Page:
7.44-carat Diamond Found by Teen

Kalel Langford, 14, of Centerton, Arkansas, found the 7th-largest diamond ever discovered in Crater of Diamonds State Park

A teen named Kalel Langford just found a 7.44-carat diamond at Crater of Diamonds State Park in Murfreesboro, Arkansas. Kalel, 14, named it “Superman’s Diamond” after the comic book hero Superman whose real name is also Kal-El. It’s the seventh-largest diamond ever found in the park. The brown diamond is coffee-colored and about the size of a pinto bean. Kalel found it within his first 20 minutes at the park without even looking that hard, his mother said. 
The overjoyed Kalel plans to keep the diamond as a special souvenir, but will possibly spend it wisely in the future. “For now he plans on keeping it until he has a chance to let it all sink in, and over time we’ll plan to make a decision,” said his mother. “He told us, ‘That’s what I’ll plan to use for college if I don’t get enough scholarships. And if I get enough scholarships then it can be a down payment for a house.’
“He’s a very good kid,” she added. “He is very much into science. He loves rocks and loves minerals.”

For more information on Crater of Diamonds State Park please visit http://www.craterofdiamondsstatepark.com/

Largest Blue HPHT Synthetic Diamond in GIA Lab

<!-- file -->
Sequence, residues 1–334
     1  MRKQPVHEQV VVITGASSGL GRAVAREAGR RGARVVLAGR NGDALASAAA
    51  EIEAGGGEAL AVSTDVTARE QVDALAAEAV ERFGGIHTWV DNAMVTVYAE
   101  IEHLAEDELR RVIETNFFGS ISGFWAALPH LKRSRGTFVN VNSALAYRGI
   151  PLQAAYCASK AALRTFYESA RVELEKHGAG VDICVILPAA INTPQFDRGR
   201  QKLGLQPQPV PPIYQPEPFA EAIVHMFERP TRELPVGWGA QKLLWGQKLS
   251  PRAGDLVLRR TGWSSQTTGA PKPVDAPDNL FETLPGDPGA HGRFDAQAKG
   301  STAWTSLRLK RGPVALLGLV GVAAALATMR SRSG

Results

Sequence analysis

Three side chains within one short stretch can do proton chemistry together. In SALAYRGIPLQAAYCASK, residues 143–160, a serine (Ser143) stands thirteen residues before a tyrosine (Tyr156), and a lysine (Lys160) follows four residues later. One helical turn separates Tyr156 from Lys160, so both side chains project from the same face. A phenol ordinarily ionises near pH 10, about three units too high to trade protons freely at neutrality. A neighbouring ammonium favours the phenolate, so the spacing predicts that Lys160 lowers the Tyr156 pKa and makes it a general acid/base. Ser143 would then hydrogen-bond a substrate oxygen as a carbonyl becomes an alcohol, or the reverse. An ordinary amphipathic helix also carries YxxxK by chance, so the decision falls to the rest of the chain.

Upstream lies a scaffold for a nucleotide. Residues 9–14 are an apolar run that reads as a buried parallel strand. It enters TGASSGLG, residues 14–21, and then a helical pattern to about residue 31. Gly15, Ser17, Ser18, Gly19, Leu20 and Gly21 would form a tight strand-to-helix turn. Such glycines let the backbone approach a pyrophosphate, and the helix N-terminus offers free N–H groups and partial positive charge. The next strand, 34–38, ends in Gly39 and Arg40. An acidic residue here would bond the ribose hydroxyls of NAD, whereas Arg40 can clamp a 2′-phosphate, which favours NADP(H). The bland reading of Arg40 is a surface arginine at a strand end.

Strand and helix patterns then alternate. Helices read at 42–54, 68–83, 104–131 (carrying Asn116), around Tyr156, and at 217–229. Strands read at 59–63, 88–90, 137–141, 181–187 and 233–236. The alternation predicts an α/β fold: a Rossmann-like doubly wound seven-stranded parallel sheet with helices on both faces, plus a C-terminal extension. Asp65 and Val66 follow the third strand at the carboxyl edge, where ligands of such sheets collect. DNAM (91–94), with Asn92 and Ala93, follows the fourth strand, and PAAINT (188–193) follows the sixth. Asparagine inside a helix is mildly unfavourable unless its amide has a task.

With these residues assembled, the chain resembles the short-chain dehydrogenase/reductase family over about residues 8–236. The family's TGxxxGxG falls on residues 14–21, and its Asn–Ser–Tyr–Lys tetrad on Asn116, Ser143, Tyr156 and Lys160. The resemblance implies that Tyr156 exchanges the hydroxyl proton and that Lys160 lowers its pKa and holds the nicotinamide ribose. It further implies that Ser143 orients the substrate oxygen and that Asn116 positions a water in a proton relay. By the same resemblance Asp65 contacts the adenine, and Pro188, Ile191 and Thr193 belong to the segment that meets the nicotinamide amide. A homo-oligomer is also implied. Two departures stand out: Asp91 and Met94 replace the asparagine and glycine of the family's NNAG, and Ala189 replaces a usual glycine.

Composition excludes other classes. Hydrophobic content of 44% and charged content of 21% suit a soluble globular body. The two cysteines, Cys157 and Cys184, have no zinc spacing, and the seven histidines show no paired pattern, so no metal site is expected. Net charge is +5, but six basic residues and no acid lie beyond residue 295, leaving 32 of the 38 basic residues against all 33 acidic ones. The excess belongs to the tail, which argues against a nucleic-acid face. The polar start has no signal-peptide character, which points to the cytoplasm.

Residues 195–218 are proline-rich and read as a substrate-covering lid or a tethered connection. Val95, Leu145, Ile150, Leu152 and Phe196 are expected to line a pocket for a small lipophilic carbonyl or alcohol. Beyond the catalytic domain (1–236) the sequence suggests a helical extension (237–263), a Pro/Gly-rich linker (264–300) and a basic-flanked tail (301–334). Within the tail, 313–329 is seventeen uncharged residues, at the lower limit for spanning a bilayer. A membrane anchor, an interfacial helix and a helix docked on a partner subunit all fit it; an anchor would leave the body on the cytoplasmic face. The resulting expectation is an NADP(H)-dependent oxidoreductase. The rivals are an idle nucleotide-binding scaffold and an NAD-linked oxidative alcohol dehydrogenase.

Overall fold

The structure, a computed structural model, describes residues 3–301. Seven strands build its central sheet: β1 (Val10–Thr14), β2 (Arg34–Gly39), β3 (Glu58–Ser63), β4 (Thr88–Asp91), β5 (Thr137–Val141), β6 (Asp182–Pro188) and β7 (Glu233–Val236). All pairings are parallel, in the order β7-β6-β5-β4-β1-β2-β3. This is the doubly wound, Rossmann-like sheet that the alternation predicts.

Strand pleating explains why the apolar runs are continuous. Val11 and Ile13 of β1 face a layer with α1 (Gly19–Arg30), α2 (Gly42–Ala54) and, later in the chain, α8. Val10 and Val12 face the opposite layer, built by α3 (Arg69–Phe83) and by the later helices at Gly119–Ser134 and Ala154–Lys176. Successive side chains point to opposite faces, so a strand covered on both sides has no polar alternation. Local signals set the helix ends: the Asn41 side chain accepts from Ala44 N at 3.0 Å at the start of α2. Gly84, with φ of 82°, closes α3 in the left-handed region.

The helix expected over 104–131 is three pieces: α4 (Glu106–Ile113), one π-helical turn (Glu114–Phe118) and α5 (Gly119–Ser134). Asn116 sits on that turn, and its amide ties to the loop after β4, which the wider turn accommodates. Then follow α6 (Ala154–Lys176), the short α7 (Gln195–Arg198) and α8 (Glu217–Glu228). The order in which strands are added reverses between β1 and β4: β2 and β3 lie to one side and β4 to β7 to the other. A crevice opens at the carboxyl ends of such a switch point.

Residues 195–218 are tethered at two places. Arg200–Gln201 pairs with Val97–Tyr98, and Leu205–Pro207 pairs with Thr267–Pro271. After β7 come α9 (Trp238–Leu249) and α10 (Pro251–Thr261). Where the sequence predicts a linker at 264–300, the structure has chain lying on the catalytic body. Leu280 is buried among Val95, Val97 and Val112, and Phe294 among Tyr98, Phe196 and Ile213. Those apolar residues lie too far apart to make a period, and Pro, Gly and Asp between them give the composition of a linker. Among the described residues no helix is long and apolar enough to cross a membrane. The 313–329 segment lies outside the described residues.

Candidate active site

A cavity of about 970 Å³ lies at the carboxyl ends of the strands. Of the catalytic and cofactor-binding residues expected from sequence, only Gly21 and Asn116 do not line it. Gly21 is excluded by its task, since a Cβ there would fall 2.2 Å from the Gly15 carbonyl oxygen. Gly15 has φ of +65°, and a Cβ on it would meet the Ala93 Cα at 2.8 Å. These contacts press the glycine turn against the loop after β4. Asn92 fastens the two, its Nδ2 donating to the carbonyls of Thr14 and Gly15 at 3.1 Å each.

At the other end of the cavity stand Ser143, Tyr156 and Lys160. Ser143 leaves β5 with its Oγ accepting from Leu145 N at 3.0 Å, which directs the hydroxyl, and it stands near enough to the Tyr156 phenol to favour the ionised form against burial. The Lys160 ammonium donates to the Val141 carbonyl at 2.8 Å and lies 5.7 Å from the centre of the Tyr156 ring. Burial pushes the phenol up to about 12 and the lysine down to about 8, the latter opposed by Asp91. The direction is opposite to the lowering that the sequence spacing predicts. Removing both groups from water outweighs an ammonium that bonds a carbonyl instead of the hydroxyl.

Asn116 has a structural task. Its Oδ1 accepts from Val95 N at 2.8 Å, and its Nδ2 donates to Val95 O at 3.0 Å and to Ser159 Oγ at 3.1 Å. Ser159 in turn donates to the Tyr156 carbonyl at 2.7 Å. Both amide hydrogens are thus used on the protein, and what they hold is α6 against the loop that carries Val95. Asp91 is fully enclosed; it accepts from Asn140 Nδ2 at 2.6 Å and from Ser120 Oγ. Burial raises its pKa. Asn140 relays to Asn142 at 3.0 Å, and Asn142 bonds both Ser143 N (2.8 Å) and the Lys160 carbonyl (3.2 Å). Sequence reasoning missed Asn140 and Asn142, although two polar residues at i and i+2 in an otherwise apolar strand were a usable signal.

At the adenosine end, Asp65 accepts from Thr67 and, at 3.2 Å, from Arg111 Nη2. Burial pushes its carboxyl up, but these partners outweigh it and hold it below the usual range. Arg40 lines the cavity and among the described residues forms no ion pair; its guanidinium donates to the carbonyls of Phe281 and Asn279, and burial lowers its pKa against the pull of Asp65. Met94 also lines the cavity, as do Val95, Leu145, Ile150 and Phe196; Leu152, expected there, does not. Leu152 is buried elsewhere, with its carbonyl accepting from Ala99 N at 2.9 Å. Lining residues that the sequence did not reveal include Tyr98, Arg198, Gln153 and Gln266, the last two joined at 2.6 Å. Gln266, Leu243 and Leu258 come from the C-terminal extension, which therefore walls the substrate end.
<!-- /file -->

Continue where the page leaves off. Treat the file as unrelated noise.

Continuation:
A 5.03 ct Fancy Deep blue HPHT synthetic diamond was examined by GIA (left). Faint but sharp color zoning was observed (middle, field of view 4.77 mm) along with small metallic inclusions and a cavity at the girdle (right, field of view 2.19 mm). Photos by Sood (Oil) Judy Chia (left) and Kyaw Soe Moe (center and right)

A 5.03 ct Fancy Deep blue HPHT synthetic diamond was examined by GIA (left). Faint but sharp color zoning was observed (middle, field of view 4.77 mm) along with small metallic inclusions and a cavity at the girdle (right, field of view 2.19 mm). Photos by Sood (Oil) Judy Chia (left) and Kyaw Soe Moe (center and right)

The largest faceted colorless HPHT-grown synthetic diamond reported to date is a 10.02 ct E-color, VS1-clarity specimen, cut from a 32.26-carat piece of rough, was reported by IGI Hong Kong in 2015. The diamond was grown by NDT, or New Diamond Technology, is one of the founding members of the new International Grown Diamond Association. Recently, large colorless and near-colorless HPHT-grown diamonds by the Russian company have been investigated by GIA laboratories. The sizes ranged up to up to 5.11 ct. In January 2016, GIA’s New York laboratory examined a 5.03 ct fancy-color HPHT-grown type IIb synthetic diamond produced by NDT. this is the largest faceted blue laboratory-grown diamond studied so far. 

The notes from GIA's lab report stated that the 5.03-carat diamond exhibited a number of traits characteristic of diamonds grown using the high-pressure, high-temperature (HPHT) process, including color zoning and a cuboctahedral growth pattern. The stone was graded a VS1, fancy deep blue.